20150828

HATCHCHILETA MARGARITA, Hatch Chiles, Blood Orange & Cilantro

http://themartinidiva.com
 
Frieda's Produce kindly sent me a nice box of late summer produce and tucked in there were some gorgeous blood oranges along with a bag of beautiful Hatch New Mexico chiles. Right off the bat my mind went straight to some roasted Hatch chile infused tequila that would be just righteous in blood orange margaritas. I turned on my broiler and got to work on the hatch chiles for the infused tequila.

You'll notice the Hatch Chile Cilantro Infused Tequila has honey in the recipe. You'll find out why I added honey as you read the article, but I'm not writing any spoilers here, you'll just have to read the post. Technically adding any sweetener makes it a liqueur, but for this margarita it works just fine as tequila since the honey balances nicely with and brings forward the blood orange.

As for the margarita recipe, here you go. You can thank me by showering me with cash and gifts.
 
HATCHCHILETA
MARGARITA

2 Oz. Hatch Chile Cilantro Infused Tequila Liqueur 
2 Oz. Fresh Squeezed Blood Orange Juice
1 Tsp. Agave Syrup
(I put in 2 teaspoons, that sweet tooth of mine!)
Juice of 1/2 Fresh Lime*
Ice

GARNISH: 1 Tbsp. Sea Salt with 1/2 teaspoon of La Chinata Smoked Paprika from Gourmet Delights for rim, Blood Orange Peel, Roasted Hatch chile, 2 Sprigs of Cilantro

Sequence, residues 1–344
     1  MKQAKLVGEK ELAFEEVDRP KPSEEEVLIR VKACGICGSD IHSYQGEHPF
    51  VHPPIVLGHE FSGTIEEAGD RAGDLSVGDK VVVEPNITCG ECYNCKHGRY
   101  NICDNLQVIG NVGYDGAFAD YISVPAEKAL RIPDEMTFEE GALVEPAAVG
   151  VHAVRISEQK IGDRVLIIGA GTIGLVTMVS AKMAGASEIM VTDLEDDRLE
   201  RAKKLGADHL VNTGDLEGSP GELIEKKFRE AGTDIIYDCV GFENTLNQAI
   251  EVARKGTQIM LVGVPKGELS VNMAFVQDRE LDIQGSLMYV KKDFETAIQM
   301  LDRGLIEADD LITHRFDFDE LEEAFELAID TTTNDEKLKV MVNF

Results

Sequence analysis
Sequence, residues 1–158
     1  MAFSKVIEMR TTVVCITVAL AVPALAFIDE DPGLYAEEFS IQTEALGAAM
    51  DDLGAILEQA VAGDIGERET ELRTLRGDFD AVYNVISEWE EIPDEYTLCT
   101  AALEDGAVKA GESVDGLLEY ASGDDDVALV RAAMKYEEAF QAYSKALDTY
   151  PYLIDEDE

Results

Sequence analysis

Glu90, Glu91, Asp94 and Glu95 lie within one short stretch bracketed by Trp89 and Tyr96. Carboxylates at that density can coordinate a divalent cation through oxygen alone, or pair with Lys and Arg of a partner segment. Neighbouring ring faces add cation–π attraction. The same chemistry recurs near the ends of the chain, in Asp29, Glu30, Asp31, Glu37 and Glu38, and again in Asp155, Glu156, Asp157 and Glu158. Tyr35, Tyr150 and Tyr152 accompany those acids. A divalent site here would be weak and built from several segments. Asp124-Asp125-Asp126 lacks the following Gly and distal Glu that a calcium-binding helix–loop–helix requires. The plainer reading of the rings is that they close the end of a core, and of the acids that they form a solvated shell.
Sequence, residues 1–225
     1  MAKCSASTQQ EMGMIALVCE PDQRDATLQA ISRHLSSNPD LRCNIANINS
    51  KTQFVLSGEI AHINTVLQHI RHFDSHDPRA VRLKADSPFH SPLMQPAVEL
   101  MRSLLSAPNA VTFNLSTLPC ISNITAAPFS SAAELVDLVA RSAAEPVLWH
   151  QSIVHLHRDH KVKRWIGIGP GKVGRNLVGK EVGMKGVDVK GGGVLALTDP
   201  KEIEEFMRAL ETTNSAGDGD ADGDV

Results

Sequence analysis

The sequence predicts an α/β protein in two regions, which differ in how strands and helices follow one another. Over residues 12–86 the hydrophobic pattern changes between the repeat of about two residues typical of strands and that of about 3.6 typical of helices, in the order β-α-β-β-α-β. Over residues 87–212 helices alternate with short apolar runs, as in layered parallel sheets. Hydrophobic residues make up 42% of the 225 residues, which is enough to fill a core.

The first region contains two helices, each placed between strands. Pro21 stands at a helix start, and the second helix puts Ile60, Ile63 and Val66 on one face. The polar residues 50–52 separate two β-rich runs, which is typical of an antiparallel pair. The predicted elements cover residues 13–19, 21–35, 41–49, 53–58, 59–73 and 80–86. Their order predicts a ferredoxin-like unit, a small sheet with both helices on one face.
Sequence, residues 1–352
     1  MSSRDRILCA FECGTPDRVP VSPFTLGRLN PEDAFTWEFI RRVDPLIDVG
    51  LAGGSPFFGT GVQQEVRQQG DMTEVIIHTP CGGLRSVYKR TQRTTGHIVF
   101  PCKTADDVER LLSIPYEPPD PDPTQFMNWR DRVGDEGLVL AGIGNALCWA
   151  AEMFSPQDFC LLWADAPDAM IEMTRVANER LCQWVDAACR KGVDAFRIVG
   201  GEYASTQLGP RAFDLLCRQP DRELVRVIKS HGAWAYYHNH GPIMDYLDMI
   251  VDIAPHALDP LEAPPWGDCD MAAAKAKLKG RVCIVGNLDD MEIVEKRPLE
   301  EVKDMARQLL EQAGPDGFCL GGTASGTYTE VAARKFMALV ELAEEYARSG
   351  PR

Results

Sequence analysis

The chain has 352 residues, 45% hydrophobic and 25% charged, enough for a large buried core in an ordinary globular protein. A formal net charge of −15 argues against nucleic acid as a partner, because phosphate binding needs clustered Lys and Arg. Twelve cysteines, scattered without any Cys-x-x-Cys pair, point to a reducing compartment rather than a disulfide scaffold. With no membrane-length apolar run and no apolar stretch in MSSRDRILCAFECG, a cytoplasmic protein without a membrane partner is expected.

TOOLS:  One small plate for salt/paprika rim, Rocks (Old Fashioned) glass, Cocktail shaker

DIRECTIONS:
Rub your glass rim with a blood orange slice then dip into the salt/paprika mixture. Chill your glass in the freezer.
Fill your cocktail shaker with ice then add the Hatch chile tequila liqueur, blood orange juice, agave syrup, and lime juice.
Shake until well chilled then strain over ice in your chilled rocks glass.
Garnish with a roasted hatch chile pepper wrapped in a blood orange peel and a sprig of cilantro. Express the oils from a sprig of cilantro onto the top of your margarita and enjoy!

http://themartinidiva.com

 * USE FRESH LIME JUICE! Did you know that citrus can go bad within 15 minutes of being cut open? It definitely loses a lot of nutrients and flavor. How much more time does it take to cut open a lime and squeeze it as you make your cocktail than twisting the cap off some bottled stuff? Right?



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